Dolan: Practice what you preach, Villanova

Mike Furno

Despite the increased cooperation from Iraq, our government stands by its decision that the only way to disarm Iraq is by force.

Powell has enlightened us with all sorts of evidence that no one is able to find, and Saddam himself has told us to use our spy planes to find it. Is he cooperating? Even if he isn’t, he is at least making it harder on himself to hide those weapons of mass destruction we are so eager to bomb him over. Perhaps we should soften up our hardliner approach and open our eyes to the possibility of diplomatic disarmament.

If anything, the developments over the last couple weeks have increased the rest of the world’s support of further more thorough inspections and disarmament rather than going to war.

Support all over the world is increasingly allying with peaceful diplomatic measures. Even the Vatican has been opposing the violence we wish to inflict, which shows that no matter what our American capitalist “Catholic” representative Novak has to say, the people who invented just war theory see no justice in United States aggression.

So why are the only people speaking out against the war in the United States a bunch of students and some adults who get their news from places other than CNN? Where are the organizations, the political parties and democratic institutions? A number of university student governments have passed symbolic resolutions condemning a pre-emptive attack on Iraq. A number of local governments have passed resolutions along the same lines. Even a number of churches have made statements against the aggression.

Nowhere have I been able to find that a major university as a whole has condemned the war on Iraq. I think that this represents a true opportunity for Villanova University to break this silence.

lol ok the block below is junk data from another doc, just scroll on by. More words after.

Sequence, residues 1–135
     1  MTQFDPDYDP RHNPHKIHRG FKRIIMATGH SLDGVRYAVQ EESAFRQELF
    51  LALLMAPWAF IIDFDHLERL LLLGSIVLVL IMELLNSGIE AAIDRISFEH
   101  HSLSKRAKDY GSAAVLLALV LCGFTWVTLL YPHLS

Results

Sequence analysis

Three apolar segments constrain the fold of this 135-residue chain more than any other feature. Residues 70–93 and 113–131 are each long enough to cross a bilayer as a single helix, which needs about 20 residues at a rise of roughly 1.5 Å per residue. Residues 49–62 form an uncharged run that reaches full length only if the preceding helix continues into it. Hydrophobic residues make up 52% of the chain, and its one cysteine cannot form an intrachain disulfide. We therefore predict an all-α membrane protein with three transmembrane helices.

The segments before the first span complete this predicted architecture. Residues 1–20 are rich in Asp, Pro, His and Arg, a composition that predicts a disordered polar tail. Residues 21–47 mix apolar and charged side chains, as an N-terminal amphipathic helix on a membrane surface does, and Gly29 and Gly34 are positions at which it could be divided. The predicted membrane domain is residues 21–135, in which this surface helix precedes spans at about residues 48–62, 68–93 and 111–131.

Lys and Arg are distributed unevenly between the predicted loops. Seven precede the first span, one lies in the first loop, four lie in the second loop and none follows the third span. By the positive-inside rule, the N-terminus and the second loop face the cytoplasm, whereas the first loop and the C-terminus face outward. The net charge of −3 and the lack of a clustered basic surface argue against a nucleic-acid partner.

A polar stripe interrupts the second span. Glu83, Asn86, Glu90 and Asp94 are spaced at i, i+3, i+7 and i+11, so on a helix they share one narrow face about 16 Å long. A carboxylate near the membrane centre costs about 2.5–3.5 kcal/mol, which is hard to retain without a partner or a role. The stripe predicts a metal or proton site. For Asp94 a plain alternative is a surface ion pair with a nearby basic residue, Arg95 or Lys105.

We as a community should speak out against a war without justification.

We teach students to make peace in the world within Peace and Justice, theology and ethics, as well as other departments.

Students learn to apply these things to their life, but they are not seeing the University apply it here when it really matters.

Our University does have a duty to discuss the war, even if one believes that institutions of learning should stay out of politics or foreign policy. The war affects our community because it will shape the lives of students and future graduates.

We have large and prestigious NROTC, ROTC and Marine Corps programs here on campus, and this war will affect those students who have been studying and training to defend our country. The University cannot allow for its students to be sent off arbitrarily to be used to fight wars that do not reflect the dedication and patriotism that has compelled them to this duty.

A statement from the University condemning this war alone may not stop the unjust aggression and careless loss of life, but it would be a step in a direction towards more universities and institutions standing up for their values as well.

We live in a country with free speech, a right meant to foster democracy and the ability for the people to guide their leaders.

Remaining silent denies that we have a duty to speak when so many other countries must remain quiet while their leaders commit unspeakable atrocities.